Schorsch Village

This charming neighborhood tucked away in the northwest side of Chicago is brimming with a vibrant and diverse population of residents and restaurants. The shady streets of Schorsch Village are often active with folks walking their dogs, parents pushing strollers and children playing in their front yards. Real estate in the area ranges from affordable, one-bedroom condominiums to million-dollar houses with five or six bedrooms. An eclectic, yet quaint wining and dining scene is all Schorsch Villagers need to enjoy an evening out with friends and family. Schorsch Village is an ideal place to settle for people in any stage of life, whether you are buying your first home or making plans for retirement.

Schorsch Village Facts

Location: About 13 miles northwest of the Loop
Boundaries: Addison Street to the north, Narragansett Avenue to the east, Belmont Avenue to the south and Harlem Avenue to the west
Bordering Neighborhoods: Dunning, Belmont Heights, Monteclare, Belmont Central, Portage Park

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Then and Now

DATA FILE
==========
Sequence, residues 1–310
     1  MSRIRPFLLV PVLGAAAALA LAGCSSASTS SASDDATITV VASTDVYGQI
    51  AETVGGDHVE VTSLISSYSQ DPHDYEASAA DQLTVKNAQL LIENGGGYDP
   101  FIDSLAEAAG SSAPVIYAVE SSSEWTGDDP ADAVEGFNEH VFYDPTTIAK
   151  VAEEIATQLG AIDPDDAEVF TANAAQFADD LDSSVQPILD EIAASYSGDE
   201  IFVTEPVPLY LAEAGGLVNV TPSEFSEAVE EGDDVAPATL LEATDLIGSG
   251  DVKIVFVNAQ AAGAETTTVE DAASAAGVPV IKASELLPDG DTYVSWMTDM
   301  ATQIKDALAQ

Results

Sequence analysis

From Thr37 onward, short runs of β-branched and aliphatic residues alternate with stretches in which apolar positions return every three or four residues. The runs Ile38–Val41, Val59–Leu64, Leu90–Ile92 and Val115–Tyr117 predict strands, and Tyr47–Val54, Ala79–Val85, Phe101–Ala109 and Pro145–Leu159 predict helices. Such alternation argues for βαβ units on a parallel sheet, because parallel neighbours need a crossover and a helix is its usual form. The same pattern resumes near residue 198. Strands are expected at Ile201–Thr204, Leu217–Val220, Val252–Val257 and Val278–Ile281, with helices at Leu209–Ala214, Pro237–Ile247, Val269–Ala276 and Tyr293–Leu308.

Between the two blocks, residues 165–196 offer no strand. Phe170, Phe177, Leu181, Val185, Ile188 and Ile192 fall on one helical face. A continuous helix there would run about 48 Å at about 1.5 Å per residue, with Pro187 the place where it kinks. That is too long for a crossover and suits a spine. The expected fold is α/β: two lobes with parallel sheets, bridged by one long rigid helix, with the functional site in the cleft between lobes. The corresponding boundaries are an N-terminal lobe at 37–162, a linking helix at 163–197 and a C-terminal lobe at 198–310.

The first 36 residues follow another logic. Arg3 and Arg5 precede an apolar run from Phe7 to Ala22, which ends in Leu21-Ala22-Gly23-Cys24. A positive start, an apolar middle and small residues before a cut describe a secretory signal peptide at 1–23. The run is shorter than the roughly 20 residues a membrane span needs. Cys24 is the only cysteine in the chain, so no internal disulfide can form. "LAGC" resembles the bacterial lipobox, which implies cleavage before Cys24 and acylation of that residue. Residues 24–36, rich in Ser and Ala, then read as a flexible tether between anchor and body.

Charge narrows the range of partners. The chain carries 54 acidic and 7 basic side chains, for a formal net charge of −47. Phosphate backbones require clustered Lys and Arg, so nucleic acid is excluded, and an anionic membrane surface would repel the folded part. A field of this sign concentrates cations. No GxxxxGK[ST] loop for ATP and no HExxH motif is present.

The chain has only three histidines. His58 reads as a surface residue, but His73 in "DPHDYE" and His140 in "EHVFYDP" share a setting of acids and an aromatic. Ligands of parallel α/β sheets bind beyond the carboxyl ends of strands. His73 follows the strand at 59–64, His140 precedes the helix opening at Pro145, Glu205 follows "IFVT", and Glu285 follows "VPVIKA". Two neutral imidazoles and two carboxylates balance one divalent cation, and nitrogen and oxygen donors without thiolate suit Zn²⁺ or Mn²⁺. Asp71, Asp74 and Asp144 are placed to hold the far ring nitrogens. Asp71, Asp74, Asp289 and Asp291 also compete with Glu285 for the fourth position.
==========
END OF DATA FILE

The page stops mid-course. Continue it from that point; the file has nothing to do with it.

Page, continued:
With its plethora of retail businesses and tranquil rows of beautiful homes, Schorsch Village has a bit of an identity crisis. We fancy it as something of an urban oasis, but it wasn’t always the picturesque, family-friendly neighborhood it is today.

In 1851, Cook County decided that an undeveloped stretch of prairie northwest of Chicago would be an ideal location for a poor farm, or 'almshouse,' as it was called. The county purchased 160 acres of land from Peter Ludby—a farmer who acquired the property simply by staking his claim—and in addition to the communal farms, an insane asylum was built on the grounds. Of course, the looming institution terrified potential settlers, and the areas surrounding the almshouse and the hospital remained largely vacant for years.

In 1916, when real estate developers named the Schorsch brothers bought a piece of land west of Austin and south of Irving Park, they decided to call it 'West Portage Park' after the new park that had been built just to the east and to sever the association with the poor farm and hospital once and for all. This change quickly resulted in a housing surge, with many homes being built and people finally willing to move into the neighborhood, without paying mind to the nearby hospital.